Employee stress has been on the rise for the last decade. And the last two years have set new records for the number of employees who say they experienced stress the day before—hitting 44% in 2023.1 Stress affects a person’s relationships and their ability to do their job—whether or not they show up for work.
That means employee stress is negatively affecting your business—from its morale and culture to its productivity. But you don’t have to be a licensed therapist to help your employees manage their stress levels. You just need to be a good leader who genuinely cares and helps employees by creating a healthy workplace culture that prioritizes their well-being and mental health.
If an employee is in a hard season of life, they need your support. Here are our eight tips for managing employee stress at work:
Offer a Financial Wellness Benefit
Provide Physical and Mental Health Benefits
Encourage Employees to Use Paid Time Off (PTO)
Set an Example
Set Clear Expectations for Employees
Implement Flexible Scheduling
Keep Lines of Communication Open
Equip Employees With Tools for Conflict Resolution
1. Offer a Financial Wellness Benefit
Nearly 60% of Americans—your employees—are feeling the pressure of rising inflation and the increasing cost of living. So, what can you do about it? Offer a financial wellness benefit!
Employees who take control of their financial situation feel more secure about their money and experience less stress. In fact, the 2021 SmartDollar Financial Wellness Benefits Study shows that 88% of employers who offer a financial wellness benefit say their employees report less stress because of it. A financial wellness benefit, like SmartDollar, teaches employees how to budget their money wisely, pay off debt, and build wealth. This can help them weather economic storms and help you significantly reduce financial stress as a distraction at work.
2. Provide Physical and Mental Health Benefits
Exercise is a great way to reduce and minimize stress. Your employees might not feel like exercising after a long day of work, or maybe they don’t want to pay for a gym membership. But you can inspire and motivate them to get out and get active with a fitness reimbursement.
And the same goes for mental health benefits. If you take away the “therapy is too expensive” excuse by offering benefits that help cover mental health expenses, your employees are more likely to get the help they need.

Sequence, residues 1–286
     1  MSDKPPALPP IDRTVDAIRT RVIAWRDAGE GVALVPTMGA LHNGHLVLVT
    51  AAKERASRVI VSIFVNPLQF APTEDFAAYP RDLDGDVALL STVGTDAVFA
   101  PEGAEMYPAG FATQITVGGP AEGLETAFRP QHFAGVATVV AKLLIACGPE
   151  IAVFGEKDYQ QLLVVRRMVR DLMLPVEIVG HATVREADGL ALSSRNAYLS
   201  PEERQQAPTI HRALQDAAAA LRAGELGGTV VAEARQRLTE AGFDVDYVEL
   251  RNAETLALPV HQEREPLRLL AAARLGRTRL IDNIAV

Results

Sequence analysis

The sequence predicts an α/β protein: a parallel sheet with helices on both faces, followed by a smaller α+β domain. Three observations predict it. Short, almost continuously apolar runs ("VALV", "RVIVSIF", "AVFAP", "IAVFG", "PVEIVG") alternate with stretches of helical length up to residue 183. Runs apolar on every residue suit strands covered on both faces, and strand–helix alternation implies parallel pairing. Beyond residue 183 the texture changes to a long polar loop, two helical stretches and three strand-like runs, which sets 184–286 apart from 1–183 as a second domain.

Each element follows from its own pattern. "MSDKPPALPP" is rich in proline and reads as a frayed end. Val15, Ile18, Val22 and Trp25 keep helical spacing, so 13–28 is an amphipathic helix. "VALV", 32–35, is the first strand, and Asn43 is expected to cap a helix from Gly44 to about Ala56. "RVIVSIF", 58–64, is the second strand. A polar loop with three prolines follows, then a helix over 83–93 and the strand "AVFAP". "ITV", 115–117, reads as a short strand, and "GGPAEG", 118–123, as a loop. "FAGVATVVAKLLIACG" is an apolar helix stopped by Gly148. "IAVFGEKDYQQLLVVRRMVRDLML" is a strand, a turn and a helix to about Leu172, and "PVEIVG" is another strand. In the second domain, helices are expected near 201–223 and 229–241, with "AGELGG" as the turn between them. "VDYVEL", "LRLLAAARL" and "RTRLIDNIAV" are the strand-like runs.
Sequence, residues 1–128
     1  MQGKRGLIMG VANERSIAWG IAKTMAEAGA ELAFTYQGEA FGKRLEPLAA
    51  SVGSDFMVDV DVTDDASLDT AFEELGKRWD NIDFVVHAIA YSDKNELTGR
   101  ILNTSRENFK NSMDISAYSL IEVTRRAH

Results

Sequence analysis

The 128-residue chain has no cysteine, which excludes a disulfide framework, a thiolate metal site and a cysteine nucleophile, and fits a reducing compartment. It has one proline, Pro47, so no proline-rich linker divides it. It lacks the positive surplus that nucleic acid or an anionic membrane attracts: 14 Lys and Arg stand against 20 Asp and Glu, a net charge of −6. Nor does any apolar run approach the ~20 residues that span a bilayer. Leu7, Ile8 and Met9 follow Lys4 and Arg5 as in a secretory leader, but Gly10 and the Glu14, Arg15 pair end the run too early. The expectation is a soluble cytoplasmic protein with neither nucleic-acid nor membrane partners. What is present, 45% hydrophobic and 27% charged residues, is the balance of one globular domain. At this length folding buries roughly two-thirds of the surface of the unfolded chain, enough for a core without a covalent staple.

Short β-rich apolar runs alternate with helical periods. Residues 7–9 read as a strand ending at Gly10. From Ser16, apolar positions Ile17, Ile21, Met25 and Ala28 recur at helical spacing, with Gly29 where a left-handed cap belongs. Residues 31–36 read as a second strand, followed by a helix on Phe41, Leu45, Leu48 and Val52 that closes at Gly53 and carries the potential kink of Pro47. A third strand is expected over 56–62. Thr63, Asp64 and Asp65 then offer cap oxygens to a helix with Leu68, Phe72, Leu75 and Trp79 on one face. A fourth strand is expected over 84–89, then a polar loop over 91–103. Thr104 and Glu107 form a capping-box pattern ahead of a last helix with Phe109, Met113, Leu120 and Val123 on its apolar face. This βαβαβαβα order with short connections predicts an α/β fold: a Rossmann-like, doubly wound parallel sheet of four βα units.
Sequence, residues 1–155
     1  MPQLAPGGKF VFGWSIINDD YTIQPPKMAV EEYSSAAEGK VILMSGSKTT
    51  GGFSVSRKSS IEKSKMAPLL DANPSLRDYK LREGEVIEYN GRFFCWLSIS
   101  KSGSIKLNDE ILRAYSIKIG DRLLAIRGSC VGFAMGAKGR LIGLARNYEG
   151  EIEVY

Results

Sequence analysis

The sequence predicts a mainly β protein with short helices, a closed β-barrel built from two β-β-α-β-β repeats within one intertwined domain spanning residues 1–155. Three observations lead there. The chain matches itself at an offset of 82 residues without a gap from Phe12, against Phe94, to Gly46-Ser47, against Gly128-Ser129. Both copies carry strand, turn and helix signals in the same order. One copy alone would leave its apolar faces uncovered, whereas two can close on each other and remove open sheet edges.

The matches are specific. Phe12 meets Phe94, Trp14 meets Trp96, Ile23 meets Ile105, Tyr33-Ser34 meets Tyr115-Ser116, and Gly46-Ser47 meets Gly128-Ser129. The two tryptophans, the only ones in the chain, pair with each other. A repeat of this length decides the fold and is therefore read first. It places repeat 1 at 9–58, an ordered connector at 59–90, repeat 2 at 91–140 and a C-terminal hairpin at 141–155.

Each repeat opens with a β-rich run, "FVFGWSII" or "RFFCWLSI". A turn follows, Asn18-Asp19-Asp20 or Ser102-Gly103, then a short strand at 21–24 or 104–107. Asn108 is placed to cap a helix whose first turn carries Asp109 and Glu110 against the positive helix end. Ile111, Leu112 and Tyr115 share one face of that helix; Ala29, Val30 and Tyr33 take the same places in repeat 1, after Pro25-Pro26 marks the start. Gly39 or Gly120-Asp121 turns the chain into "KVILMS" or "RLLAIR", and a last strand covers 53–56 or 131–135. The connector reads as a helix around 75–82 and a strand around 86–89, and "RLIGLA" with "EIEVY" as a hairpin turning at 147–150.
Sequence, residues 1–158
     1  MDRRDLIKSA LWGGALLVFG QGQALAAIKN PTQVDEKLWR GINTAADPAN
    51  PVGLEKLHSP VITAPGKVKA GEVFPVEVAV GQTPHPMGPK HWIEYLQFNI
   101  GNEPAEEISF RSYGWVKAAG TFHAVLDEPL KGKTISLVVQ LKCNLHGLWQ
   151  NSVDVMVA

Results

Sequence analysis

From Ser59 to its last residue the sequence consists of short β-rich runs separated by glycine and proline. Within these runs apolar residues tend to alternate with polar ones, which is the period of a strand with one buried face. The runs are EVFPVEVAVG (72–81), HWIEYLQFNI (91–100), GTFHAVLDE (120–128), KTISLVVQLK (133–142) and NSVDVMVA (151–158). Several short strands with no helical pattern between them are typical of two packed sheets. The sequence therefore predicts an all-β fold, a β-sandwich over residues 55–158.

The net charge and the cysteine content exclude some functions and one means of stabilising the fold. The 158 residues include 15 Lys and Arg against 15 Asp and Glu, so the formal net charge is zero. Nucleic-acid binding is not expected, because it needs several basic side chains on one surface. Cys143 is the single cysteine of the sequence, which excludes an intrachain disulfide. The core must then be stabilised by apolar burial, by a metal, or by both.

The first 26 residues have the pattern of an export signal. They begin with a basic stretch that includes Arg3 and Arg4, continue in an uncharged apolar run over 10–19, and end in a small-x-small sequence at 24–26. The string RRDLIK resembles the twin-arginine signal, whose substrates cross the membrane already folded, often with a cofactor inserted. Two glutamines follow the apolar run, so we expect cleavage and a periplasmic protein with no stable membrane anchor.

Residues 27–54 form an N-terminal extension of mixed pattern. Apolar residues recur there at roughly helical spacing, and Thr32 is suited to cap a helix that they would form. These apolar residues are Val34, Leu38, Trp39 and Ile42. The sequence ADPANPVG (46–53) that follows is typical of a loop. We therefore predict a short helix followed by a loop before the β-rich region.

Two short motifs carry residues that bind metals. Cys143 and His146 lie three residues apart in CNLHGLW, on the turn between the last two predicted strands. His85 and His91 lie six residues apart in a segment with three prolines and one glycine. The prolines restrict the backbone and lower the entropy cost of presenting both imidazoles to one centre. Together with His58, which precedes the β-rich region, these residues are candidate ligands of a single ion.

3. Encourage Employees to Use Paid Time Off (PTO)
Time away from work is an obvious way to lower stress. But just offering PTO in your employee compensation plan isn’t always enough. Why? Because about half of all employees don’t use up all of their PTO each year.2
You might think less time away from work means greater productivity, but you’d be wrong. Employees who use their PTO and actually unplug from work come back reenergized and motivated to do work that matters.3 And that translates into better productivity.
The best way to encourage your team to use PTO is to use your own—set an example!
4. Set an Example
No matter what benefits you offer, your employees will hesitate to use them if they suspect there’s some sort of unspoken rule against using them. And they’ll suspect that’s true if they never see you use your PTO, financial wellness benefits, or mental health benefits. That’s a cycle of stress you can avoid!
The truth is, talking about well-being is important—but your team needs to see you act on those words. More is caught than taught. Plus, you’ve put in the effort and money to make these benefits available. You need to take advantage of them too!
5. Set Clear Expectations for Employees
Every employee needs clear expectations for what it takes to win in their role. Otherwise, employees end up burned out and stressed out because they’ll eventually be asked to do work they’re not equipped to do.
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A Key Results Area (KRA) document outlines an employee’s responsibilities and areas of focus for growth so everyone is on the same page about expectations.
Every employee and their direct leader needs to iron out the details of what success looks like for them. By working together, they reduce any confusion about their role and responsibilities—and that means less stress for everyone involved.
6. Implement Flexible Scheduling